Galliard Essays K6GEC Podcast Projects Recipes

How to talk about gun control

In the wake of the Newtown, Connecticut, school shootings, there has been a vast, seething discussion on gun control on the Internet, as well as in our homes, offices, and places of worship. Much of this discussion, in my humble opinion, is utter rubbish and serves only to enhance the speaker’s feelings of superiority and self-worth. If you’re interested in an honest, open discussion on the tragedy of gun violence and how to solve it, I humbly suggest a few guidelines.

Do not use the term “gun control”

There are probably at least 100,000 different definitions as to what this term means; so much so that it is, in essence, utterly meaningless. If you find yourself saying, “we need gun control,” it might make you feel better, but it adds nothing to the conversation. Instead, try to focus on concrete proposals backed up by hard evidence, not pure speculation on your part. “If we prohibit gun magazines from holding more than five rounds, it would force gun owners to purchase more and slow down shooters whilst they reload,” is a much better statement than “We should stop people from owning assault weapons.”

Do not use the term “assault weapon”

Why? Like gun control, this is a vague and ambiguous phrase that had a very clear definition in the Federal Assault Weapons ban, and is misused nearly everywhere else. Under the now-expired assault weapons ban, an assault weapon is defined as a semi-automatic rifle that has a place to put a bayonet, a collapsible stock, a flash suppressor, and a removable magazine. If it only had three of the four, it wasn’t an assault weapon. If was a .22 caliber (very small gun) but had those four items, it was still an assault weapon. Thus, the assault weapons ban was trivially easy to get around; in most cases, the manufacturer would leave off the bayonet lug, since that’s the easiest thing to do. Instead of using “assault weapon,” use specifics: “I think we should ban all guns that have a removable magazine.”

Do not dismiss your opponents

Sadly, political discourse in this country has reached the point where people on differing sides of an issue simply ignore each other. When you start out a statement by saying, “Anyone who supports gun ownership is a killer,” you’re a fool and you’re only trying to make yourself feel better. Your opponent (in both direction) has been around for years and at least deserves the respect of a worthy opponent. The NRA has, to this date, been vastly more successful than the disjointed voices of liberals whining about this or that. It will take a concerted, heavily funded effort to counter their resources and the culture they represent. Dismissing the people from the other point of view as “idiots” and “lunatics” serves no purpose and will only ensure that the status quo continues. Ask yourself if that’s what you want.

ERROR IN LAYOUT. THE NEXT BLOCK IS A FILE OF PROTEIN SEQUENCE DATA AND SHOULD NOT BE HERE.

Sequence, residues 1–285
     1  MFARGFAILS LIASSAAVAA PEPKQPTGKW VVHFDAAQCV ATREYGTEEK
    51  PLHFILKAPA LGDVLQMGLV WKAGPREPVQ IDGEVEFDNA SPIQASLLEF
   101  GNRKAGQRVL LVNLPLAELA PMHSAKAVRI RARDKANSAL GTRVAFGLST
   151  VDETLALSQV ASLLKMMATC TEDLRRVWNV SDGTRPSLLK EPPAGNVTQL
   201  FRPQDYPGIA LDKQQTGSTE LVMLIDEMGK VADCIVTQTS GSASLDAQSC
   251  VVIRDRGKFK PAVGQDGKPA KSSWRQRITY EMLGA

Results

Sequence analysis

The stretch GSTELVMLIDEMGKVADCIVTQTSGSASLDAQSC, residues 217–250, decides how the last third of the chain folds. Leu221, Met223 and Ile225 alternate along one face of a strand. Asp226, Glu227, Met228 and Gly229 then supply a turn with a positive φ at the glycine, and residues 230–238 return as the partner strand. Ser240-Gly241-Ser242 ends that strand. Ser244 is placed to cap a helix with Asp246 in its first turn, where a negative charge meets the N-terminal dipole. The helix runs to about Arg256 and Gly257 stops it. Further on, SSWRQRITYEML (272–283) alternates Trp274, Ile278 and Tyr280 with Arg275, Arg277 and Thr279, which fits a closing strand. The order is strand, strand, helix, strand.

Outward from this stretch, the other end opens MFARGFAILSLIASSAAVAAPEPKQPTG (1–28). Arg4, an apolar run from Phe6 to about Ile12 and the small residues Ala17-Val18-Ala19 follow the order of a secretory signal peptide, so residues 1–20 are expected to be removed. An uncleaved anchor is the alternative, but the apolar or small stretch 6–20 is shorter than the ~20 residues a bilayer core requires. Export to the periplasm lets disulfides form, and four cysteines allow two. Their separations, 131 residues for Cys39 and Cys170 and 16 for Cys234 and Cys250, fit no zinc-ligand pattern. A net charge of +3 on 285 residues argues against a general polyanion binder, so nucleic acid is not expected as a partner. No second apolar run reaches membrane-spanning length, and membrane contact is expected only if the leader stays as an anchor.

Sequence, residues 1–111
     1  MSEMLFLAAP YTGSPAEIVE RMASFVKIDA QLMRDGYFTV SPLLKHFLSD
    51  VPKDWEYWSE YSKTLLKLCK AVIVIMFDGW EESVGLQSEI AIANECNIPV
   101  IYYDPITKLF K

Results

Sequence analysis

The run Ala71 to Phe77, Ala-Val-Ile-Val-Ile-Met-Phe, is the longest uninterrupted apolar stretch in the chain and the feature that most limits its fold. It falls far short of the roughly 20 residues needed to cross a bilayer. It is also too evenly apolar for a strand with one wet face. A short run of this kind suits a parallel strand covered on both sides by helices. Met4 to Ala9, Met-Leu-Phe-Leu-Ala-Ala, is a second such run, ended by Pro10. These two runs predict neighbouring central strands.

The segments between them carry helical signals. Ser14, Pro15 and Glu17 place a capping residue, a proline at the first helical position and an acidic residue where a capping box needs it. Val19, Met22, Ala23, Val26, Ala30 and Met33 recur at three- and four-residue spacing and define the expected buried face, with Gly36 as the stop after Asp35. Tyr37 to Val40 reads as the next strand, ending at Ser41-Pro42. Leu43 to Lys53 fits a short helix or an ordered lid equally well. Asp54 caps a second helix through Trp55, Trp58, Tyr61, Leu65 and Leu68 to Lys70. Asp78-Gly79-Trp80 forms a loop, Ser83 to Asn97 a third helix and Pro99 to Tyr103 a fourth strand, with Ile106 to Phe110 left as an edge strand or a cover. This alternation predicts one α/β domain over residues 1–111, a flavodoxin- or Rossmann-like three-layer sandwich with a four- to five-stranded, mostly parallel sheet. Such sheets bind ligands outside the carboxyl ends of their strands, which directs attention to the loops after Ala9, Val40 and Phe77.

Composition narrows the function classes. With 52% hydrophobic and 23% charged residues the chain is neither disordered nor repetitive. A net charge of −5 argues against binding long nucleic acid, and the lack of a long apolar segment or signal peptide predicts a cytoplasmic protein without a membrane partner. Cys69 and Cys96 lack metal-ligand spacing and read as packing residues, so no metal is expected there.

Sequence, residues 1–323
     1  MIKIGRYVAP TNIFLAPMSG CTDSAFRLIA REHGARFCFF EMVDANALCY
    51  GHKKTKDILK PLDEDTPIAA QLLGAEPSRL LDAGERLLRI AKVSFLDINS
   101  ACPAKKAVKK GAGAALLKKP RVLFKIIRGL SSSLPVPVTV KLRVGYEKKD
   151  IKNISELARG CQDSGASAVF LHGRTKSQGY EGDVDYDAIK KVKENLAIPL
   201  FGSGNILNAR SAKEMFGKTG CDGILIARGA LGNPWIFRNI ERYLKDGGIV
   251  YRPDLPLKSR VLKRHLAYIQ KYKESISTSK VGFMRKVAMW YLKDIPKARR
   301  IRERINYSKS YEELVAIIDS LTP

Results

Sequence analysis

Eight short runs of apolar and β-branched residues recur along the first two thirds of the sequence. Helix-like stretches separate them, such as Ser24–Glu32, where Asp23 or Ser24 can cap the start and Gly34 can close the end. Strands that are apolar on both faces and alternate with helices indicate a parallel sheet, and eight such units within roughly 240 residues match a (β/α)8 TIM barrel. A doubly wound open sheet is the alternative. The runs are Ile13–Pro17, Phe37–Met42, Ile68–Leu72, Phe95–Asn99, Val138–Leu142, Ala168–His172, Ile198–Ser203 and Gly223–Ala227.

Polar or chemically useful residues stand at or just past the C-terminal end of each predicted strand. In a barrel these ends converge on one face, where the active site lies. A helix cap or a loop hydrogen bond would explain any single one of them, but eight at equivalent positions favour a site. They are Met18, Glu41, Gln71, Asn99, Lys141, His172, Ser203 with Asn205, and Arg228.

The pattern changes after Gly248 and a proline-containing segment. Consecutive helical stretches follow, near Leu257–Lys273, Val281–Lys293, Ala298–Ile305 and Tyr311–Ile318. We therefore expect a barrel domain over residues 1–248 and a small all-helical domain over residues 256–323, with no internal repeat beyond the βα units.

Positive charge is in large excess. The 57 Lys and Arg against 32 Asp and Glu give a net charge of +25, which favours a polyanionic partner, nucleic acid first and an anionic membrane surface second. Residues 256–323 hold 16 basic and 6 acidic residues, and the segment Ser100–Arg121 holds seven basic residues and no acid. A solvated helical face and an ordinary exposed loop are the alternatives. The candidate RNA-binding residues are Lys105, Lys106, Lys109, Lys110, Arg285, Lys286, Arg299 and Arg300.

Talk about the Second Amendment

Ultimately, any law about gun control will be judged in the courts against the US Constitution’s Second Amendment. You cannot simply dismiss it with “That was valid when we used muskets; it’s not valid any more.” Yes, it applied to muskets, the highest-quality weapons of the time, and not just to flintlocks, which is what most farmers and rural people used for hunting. The purpose was to establish a standing army from the citizenry and, if you read the writings from the period, was to ensure that citizens could overthrow their government if it became corrupt. Using those standards, courts will continue to uphold private gun ownership, and no meaningful progress towards gun control will be possible without addressing them.

Ask yourself if your proposal would work

Seriously. I’ve seen some of the stupidest things come out on the Internet; ideas that would have had zero impact on the Columbine or Newtown killers. Background checks would not have stopped them, since none of those killers actually purchased the weapons used. Nor would requiring registration; criminals and the criminally insane can steal registered weapons as easily as they can unlicensed ones. Ask yourself: would this have stopped the killer in Newtown? If not, then it’s going to be a lot of work to justify further restrictions of civil rights without showing a benefit.

Don’t cherry-pick your data

People are not idiots. If you have a graph showing gun deaths in the USA vs. Denmark, Switzerland, Findland, Germany, and England, then the USA comes out way behind. But Mexico has some of the strictest gun control laws on earth, and yet Mexicans are far more likely to be killed by guns than are US residents. Any discussion needs to include a spectrum of examples, and not merely the ones that make our case. Failing to include other examples proves to thinking people that you’re an idiot and your ideas can safely be dismissed. I don’t think that’s what you’re intending to do.


This is not an easy problem to solve, given the American culture and history. At the very least, we should be able to have a civil, thoughtful discussion of the issues without recourse to slander and slimeball tactics.

Glen Campbell
December 21, 2012